Real jobs, real handouts

Letter to the editor

Posted: Friday, April 11, 2003

Related Letter:

Examples of hysteria

Dave Fremming says his argument is simple: Laws protecting the public's air, land and water destroy business opportunities and we need "real" jobs based on resource extraction not government largesse. The elegance of his argument is seductive. Too bad it doesn't reflect reality.

It's not that the "real" jobs in oil and timber and mining Fremming is referring to are bad jobs, but oftentimes the existence of such work is due largely to the government subsidies Fremming so despises. Take timber for example. The Tongass timber program hemorrhages money. Last year it was $36 million in the red. Right now, markets for Alaska wood are so bad that the Forest Service is actually building the roads to the timber in the hope of attracting a bidder. Talk about a government handout.

Look at the proposed gas pipeline form the North Slope as another example. Industry says it needs upwards of $20 billion and a guaranteed minimum price for the gas in order for this project to happen. The enormous price tag for the gas pipeline has raised the ire of Lower 48 gas producers and has fueled opposition from even the Bush administration. As a conservationist, I'm on the fence on this project, but let's come clean, this is the mother of all taxpayer-subsidized, government-sponsored job programs.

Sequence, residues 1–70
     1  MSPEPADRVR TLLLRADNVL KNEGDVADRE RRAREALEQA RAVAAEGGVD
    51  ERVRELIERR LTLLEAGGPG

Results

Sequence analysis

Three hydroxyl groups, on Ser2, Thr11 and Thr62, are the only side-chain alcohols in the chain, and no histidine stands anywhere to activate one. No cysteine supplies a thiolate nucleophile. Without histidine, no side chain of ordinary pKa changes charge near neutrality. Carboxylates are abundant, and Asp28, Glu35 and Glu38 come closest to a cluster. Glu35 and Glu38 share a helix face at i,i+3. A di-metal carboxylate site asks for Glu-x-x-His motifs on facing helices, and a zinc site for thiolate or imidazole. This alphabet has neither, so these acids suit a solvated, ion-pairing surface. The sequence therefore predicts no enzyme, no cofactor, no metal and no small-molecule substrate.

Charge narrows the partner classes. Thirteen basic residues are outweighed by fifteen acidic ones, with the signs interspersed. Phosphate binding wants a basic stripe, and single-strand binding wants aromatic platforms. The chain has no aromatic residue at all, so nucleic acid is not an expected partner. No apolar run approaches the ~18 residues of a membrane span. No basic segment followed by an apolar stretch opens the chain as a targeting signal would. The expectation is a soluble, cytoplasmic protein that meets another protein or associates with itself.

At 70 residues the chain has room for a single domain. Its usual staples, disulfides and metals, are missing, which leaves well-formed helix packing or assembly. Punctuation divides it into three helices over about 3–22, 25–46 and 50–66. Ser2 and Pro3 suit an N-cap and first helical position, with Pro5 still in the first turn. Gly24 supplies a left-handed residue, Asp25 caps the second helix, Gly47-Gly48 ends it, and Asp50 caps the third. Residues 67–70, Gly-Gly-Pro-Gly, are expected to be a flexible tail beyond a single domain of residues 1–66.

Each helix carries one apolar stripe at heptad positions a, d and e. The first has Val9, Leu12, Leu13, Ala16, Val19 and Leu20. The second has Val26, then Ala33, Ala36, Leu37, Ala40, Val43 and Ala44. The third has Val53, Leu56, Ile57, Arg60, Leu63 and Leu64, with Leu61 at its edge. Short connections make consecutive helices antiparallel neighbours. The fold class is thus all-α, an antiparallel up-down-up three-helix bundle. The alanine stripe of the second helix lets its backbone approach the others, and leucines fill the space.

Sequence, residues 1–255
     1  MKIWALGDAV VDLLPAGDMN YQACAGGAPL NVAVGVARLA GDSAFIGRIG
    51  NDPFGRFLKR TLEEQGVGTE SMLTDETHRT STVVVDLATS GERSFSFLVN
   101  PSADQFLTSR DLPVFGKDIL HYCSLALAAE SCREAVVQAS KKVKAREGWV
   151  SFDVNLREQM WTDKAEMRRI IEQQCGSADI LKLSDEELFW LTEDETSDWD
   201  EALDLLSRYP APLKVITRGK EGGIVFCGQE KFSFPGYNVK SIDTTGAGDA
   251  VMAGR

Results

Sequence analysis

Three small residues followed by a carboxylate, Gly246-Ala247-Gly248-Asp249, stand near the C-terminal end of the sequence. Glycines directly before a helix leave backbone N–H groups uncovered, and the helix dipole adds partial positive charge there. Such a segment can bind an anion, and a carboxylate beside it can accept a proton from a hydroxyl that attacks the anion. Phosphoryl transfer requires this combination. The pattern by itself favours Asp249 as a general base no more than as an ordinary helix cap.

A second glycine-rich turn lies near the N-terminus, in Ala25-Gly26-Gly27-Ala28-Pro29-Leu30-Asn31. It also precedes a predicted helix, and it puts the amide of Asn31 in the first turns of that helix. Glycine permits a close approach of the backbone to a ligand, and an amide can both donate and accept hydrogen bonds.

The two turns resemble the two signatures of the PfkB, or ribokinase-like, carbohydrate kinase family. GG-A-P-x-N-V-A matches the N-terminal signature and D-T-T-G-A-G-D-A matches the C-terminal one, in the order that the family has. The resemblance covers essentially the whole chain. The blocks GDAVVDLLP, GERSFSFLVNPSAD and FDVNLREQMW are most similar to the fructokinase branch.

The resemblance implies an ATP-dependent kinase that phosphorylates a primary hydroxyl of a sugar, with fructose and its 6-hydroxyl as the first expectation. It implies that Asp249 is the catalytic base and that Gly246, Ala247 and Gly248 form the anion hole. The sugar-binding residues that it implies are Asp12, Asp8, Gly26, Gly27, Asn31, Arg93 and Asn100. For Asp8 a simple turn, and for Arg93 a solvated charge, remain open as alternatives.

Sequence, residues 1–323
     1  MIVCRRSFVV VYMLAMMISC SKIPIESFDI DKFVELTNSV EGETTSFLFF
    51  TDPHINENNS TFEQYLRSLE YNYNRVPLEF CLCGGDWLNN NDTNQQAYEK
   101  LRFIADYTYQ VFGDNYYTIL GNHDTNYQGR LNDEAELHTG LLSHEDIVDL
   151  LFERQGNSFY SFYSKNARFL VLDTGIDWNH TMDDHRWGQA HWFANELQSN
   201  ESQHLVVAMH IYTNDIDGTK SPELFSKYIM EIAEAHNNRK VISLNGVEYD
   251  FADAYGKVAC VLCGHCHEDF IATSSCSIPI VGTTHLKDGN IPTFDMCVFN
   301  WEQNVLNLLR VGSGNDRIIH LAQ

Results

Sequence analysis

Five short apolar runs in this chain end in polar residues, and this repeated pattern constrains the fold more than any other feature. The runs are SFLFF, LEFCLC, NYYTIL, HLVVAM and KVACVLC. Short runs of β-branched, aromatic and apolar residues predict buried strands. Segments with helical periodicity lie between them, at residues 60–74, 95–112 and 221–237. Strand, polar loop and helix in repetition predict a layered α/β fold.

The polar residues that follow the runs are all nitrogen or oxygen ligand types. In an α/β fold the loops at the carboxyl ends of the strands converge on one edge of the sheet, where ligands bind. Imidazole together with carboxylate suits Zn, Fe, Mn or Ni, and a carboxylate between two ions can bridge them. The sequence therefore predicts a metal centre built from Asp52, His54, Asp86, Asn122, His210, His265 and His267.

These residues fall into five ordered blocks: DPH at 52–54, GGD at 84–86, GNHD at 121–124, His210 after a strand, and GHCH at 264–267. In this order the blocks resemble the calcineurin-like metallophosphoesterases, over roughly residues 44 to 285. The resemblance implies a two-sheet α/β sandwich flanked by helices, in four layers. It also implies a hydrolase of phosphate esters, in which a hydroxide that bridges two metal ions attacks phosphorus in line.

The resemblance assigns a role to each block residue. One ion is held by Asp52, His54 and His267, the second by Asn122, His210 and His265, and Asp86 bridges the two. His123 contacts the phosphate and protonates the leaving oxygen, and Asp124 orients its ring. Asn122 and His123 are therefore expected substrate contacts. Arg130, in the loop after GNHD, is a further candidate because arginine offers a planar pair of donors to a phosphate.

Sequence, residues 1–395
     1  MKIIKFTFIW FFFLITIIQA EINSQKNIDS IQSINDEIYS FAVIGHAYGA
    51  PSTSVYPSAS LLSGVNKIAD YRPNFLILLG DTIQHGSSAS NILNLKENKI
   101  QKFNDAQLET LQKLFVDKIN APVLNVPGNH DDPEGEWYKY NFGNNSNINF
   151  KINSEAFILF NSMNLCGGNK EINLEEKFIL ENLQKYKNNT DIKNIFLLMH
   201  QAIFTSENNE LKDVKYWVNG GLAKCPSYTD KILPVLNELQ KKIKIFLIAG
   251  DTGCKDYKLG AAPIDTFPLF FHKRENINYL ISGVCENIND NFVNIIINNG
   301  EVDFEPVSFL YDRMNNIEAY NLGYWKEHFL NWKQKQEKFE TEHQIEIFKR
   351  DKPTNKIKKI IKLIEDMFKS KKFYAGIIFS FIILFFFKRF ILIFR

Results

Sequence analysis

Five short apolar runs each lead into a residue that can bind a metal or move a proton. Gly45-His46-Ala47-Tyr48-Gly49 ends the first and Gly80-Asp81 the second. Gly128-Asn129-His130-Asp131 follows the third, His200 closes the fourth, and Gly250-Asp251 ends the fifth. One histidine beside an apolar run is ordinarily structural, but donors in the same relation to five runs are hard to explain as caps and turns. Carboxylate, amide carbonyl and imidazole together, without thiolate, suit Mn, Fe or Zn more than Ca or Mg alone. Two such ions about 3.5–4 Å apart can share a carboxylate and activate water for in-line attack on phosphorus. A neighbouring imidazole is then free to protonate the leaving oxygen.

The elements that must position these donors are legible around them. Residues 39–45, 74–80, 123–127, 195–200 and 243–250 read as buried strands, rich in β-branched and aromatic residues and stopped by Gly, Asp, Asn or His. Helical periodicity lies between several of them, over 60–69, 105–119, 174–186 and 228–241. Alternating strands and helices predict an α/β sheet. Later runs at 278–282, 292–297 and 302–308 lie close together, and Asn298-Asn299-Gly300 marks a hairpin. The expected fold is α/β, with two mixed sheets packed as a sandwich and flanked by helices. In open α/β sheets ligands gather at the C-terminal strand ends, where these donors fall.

And then there's oil itself, the driver of our economy. Alaska was given Prudhoe Bay at statehood, an enormous transfer of wealth courtesy of the federal government.

I'm probably never going to agree with Mr. Fremming on how many clearcuts we need, how many mines should be dug, or how much land should be set aside for its fish and wildlife and beauty. I do hope, though, he will step back for moment and realize the hand of big government is everywhere in Alaska and in many cases, it's that hand that holds up the "real" jobs he loves so much.

Tim Bristol


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